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Language and science

A quick post before I shut down for a few days much needed break.

Throughout the 19th century science was confidently telling us something sure and important about the world. Even when it was controversial (Evolution) it was couched in definitive language. And language is important; it shapes the way we think, indeed there are those who tell us it is the way we think.

Then came Einstein and ‘relativity’, followed by Heisenberg’s ‘uncertainty’, Godel’s ‘incompleteness’, Popper’s ‘falsifiability’. ‘chaos’ and so on. All of these were telling us things that were hard and real and important about the nature of the world, but they were couched in language that sounded more like a retreat from knowledge.

Is it any wonder that more and more people seem to be grasping for the simplistic certainties of religion instead of the complex uncertainties of science?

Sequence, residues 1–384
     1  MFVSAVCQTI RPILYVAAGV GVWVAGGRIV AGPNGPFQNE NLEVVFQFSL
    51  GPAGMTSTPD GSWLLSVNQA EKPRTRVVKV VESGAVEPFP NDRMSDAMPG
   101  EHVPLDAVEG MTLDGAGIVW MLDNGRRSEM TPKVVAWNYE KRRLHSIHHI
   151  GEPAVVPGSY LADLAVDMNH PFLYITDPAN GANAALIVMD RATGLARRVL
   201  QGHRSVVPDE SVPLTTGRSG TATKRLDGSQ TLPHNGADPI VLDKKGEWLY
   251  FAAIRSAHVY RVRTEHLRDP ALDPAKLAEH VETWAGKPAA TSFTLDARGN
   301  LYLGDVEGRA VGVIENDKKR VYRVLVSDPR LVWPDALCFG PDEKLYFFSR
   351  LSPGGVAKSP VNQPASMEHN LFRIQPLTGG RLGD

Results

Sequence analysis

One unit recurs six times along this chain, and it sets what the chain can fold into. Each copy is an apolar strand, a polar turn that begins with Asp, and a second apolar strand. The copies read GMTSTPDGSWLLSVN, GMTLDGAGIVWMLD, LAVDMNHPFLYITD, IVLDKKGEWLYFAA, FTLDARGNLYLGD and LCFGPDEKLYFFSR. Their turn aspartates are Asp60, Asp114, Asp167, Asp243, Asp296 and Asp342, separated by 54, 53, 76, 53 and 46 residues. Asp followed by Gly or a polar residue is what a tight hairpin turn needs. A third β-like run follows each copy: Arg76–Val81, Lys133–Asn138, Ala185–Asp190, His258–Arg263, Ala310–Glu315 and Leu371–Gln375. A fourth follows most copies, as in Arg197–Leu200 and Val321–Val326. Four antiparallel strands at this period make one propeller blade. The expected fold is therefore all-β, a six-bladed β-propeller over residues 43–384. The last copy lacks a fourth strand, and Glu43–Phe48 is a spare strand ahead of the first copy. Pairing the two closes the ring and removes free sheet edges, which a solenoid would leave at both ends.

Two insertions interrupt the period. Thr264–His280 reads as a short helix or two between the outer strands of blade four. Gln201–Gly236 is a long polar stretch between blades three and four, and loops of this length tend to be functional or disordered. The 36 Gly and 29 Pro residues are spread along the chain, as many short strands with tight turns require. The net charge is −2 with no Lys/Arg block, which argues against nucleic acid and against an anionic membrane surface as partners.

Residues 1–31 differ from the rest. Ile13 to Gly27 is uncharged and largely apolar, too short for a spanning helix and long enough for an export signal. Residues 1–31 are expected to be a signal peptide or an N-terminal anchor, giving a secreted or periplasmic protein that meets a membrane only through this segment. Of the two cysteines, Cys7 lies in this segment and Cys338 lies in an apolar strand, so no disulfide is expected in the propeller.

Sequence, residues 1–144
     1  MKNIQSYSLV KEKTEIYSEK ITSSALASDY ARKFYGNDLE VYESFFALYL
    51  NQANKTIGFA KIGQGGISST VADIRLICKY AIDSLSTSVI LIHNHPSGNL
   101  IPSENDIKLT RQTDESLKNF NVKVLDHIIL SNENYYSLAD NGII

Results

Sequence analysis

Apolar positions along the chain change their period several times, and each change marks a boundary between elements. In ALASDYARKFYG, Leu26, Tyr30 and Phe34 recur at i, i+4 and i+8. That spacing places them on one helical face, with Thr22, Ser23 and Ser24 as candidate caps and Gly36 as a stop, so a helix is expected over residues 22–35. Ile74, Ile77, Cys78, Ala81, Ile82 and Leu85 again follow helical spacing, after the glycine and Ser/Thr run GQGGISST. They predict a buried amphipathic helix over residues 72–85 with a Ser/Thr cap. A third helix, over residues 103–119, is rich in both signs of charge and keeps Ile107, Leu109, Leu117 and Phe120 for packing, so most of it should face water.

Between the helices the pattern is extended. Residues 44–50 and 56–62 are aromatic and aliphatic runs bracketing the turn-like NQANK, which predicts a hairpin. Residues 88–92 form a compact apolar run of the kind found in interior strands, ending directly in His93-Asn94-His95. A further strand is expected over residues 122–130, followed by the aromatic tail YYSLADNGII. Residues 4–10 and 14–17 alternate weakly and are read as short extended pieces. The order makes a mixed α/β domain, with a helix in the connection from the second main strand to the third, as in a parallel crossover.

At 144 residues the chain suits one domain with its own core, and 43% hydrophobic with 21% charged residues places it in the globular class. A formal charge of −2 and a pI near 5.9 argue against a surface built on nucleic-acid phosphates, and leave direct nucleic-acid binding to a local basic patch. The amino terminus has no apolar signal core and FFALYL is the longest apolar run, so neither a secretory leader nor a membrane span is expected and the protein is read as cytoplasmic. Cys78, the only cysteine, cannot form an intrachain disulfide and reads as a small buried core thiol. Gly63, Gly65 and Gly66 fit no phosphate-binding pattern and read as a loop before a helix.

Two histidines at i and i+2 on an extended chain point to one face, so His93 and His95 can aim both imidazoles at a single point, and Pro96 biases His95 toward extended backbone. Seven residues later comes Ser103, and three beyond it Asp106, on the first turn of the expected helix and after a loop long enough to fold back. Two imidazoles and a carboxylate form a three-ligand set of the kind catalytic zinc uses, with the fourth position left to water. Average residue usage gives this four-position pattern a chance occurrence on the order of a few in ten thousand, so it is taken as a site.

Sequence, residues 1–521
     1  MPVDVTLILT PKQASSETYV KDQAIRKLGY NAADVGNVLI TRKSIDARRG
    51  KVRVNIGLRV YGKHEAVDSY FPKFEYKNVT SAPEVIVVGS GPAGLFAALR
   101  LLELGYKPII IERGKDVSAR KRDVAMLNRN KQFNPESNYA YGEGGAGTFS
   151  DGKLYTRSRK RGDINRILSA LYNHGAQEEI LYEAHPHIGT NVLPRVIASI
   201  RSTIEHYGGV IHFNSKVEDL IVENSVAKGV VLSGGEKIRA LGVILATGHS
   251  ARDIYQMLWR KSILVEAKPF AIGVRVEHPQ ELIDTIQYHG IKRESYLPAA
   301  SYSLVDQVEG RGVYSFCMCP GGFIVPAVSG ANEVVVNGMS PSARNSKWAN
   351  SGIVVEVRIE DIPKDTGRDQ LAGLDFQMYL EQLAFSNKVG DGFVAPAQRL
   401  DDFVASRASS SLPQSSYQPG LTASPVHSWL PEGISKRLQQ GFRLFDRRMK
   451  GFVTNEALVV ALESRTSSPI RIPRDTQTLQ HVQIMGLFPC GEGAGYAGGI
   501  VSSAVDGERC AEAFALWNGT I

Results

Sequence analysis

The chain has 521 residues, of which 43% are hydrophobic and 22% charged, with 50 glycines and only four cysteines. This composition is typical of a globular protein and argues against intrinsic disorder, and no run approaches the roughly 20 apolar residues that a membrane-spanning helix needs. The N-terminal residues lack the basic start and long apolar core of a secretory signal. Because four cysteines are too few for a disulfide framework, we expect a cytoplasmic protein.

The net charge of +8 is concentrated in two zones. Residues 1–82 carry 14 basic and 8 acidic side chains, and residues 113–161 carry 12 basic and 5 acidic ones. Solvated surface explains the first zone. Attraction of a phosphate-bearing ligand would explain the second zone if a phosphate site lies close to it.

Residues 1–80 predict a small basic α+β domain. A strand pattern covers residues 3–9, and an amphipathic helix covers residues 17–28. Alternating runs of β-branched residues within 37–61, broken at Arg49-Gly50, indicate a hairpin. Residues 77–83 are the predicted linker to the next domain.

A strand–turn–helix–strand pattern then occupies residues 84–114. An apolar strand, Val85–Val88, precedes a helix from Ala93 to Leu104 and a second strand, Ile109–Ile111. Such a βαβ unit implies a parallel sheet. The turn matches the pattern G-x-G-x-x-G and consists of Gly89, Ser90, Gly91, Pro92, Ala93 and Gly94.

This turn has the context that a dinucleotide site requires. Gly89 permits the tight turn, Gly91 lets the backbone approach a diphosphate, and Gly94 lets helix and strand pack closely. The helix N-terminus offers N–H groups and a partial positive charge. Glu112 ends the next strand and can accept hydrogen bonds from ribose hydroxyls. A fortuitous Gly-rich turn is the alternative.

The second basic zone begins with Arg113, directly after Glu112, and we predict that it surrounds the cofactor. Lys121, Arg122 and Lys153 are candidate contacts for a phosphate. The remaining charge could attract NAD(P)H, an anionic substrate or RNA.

1 thought on “Language and science

  1. I’m not so sure I agree that religion offers simple certainties. As I see it, the most important aspect of the Catholic religion is that we cannot know God’s motives and that He is the ultimate mystery. We can have faith- and nothing is more indescribable than faith- and we can pray- and what a strange thing prayer is-but if He offers us grace, we cannot know why nor foresee how grace will manifest itself.

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